• customers – decide to buy or not
  • partners – add value
  • employees – add skill, expect f.ex. meaningful work
  • owners – add capital, expect increased value
  • governments
  • analysts like Gartner, Forrester

sometimes there’s conflicting expectations due to the fact that stakeholders don’t all want the same things… which makes it more difficult to figure out what good quality is.

ISO on quality

you might have an impression of ISO as a bit too formal, but in this case i think they’re onto something.

the ISO 9000 family (the 200x versions) describes quality as the ability to satisfy requirements; from the stakeholders, explicitly expressed, or just implied.

so what is good quality?

it’s about product and process – both what we make and how we make it.

it’s about compromise – conflicting needs means not every stakeholder get everything they want.  if reaching a deadline to make a customer happy means working a lot of overtime making employees unhappy, it might be worse quality all in all than missing the deadline.

it’s about all of the stakeholders. yes, it might be easy to focus a lot on the customer, but you need to keep all the stakeholders happy – or at least happy enough.  e.g., your bank needs to trust that you can pay back a loan, and the government expects you to file your taxes.

it’s about expectations.  a customer might expect certain functionality which is normal among competing products, and get unhappy if it’s not there, but might not think to include it in the requirements in the first place.  even if you’re not a mind reader, this is part of the quality of the product.

it’s not just a point in time – f.ex how the technical quality of software over time sustains (or not) stakeholders’ needs and expectations over time.

you need to recalibrate your understanding of stakeholders from time to time, since time and changing circumstances make stakeholders’ expectations change – and thus change what is good quality.  e.g., owners of a company probably expect more profit after a few years than in the very beginning of the company.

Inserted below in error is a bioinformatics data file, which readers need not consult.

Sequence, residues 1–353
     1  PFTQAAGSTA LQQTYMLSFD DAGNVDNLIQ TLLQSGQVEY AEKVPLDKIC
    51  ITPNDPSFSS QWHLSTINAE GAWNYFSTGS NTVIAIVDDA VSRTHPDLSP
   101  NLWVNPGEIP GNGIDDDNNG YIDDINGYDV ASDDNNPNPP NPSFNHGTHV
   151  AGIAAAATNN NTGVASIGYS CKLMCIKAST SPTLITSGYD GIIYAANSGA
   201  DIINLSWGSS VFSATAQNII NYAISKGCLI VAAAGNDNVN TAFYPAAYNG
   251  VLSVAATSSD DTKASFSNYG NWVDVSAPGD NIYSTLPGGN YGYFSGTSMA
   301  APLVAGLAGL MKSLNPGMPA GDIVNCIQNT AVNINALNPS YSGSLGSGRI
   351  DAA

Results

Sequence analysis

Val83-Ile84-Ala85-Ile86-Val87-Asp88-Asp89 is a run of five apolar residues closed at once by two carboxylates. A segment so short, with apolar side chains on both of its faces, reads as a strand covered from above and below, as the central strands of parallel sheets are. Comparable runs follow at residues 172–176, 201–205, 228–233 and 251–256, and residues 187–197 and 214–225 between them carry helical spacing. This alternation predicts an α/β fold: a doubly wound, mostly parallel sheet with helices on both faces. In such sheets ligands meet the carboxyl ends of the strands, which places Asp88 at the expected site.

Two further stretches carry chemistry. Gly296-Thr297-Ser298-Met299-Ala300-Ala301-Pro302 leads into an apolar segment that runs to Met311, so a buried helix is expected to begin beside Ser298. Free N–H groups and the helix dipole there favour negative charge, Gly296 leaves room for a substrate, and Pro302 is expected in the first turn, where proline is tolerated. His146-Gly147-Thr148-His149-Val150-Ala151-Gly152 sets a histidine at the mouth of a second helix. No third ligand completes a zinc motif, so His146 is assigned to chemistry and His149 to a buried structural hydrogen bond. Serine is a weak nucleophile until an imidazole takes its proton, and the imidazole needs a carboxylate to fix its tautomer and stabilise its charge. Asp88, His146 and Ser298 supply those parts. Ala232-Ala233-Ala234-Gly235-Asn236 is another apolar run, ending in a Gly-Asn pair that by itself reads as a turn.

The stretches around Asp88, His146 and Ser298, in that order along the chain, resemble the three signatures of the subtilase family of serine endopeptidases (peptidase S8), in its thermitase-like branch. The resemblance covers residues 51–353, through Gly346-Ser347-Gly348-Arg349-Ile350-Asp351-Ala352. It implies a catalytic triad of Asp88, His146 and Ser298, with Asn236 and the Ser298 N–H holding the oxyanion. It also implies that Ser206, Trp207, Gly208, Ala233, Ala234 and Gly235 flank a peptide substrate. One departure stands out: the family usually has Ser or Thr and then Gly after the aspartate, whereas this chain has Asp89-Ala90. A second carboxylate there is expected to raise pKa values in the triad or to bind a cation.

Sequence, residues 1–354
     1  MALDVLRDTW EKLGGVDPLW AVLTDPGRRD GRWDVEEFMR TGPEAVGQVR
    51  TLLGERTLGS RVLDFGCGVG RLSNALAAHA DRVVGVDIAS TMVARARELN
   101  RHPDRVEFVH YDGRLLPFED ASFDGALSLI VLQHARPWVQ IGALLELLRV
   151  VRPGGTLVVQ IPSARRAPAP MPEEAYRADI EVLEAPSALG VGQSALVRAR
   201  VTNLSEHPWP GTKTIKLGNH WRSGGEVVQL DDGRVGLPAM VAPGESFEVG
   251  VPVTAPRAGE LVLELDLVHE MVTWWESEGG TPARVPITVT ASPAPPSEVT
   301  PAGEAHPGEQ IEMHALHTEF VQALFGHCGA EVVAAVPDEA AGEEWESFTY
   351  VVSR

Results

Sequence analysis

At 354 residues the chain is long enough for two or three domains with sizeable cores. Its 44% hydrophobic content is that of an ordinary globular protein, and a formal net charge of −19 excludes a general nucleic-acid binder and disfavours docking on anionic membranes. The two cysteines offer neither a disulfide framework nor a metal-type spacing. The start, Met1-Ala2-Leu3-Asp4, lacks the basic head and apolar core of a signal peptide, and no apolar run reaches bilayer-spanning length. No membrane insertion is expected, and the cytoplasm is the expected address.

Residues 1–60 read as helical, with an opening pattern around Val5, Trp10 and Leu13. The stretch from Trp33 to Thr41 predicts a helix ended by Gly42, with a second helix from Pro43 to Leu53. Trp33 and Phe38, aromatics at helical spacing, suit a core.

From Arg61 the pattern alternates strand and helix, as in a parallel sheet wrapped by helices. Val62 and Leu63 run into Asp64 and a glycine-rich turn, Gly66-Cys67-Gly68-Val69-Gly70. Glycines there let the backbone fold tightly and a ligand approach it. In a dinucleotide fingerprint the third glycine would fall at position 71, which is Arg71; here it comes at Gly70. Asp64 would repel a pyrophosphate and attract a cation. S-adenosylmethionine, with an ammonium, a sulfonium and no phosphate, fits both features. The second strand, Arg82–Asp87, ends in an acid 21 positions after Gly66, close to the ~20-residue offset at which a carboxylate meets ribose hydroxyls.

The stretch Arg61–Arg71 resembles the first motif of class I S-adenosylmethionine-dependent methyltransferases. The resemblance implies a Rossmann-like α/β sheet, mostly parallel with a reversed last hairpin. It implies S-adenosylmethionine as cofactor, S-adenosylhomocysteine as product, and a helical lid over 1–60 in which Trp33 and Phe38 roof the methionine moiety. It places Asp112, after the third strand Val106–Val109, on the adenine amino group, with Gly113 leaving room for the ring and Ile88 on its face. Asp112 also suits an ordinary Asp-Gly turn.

to sum it up: as you can see, in my opinion quality is relative, and is defined by what stakeholders need and expect.

software projects: have your cake and eat it?

would you like to have your cake and eat it, too?

in my opinion you actually can’t; you’re not able to make absolutely sure that a project is on budget (resources), on time (delivery date), and have all the planned features with high quality, all at the same time.  there’s always a risk, and you can only control any 2 out of the 3 factors at the most. If you try to control all 3 factors at once you are most likely sacrificing the quality of the features, and thus you’re not in control over the features anyway.

Scott W. Ambler makes a few interesting points in this article about software development projects – i’ve selected the quotes that’s most interesting (to me) below.

  • “the only true measure of progress on a software development project is the delivery of working software. “
  • “Agile teams choose to produce potentially-shippable software at the end of each iteration, providing concrete and visible feedback to their stakeholders as to their actual progress. “
  • “… the majority of stakeholders prefer this sort of tangible evidence of progress instead of intangible numbers. “
  • “… the majority of our stakeholders aren’t really interested in whether we’re on schedule or on budget.”

“…. In August 2007, Dr. Dobb’s ran a survey exploring how people define IT project success, and we found that 80 percent of people preferred to focus on producing a good return on investment (ROI) than being under budget, and that 62 percent wanted teams to ship their systems when they’re ready to be shipped rather than forcing adherence to a schedule. ”

  • “… the priorities are to spend the money wisely and ship quality systems. “
  • “… shipping high quality software is more important than being on time and on budget”
  • “… instead of measuring progress against your plan, … you should instead be focusing on ensuring ROI and product quality. “

“The agile practices of implementing requirements in priority order and allowing requirements to evolve throughout the lifecycle ensure greater ROI, and agile practices such as test-driven development (TDD) and refactoring promote greater quality.”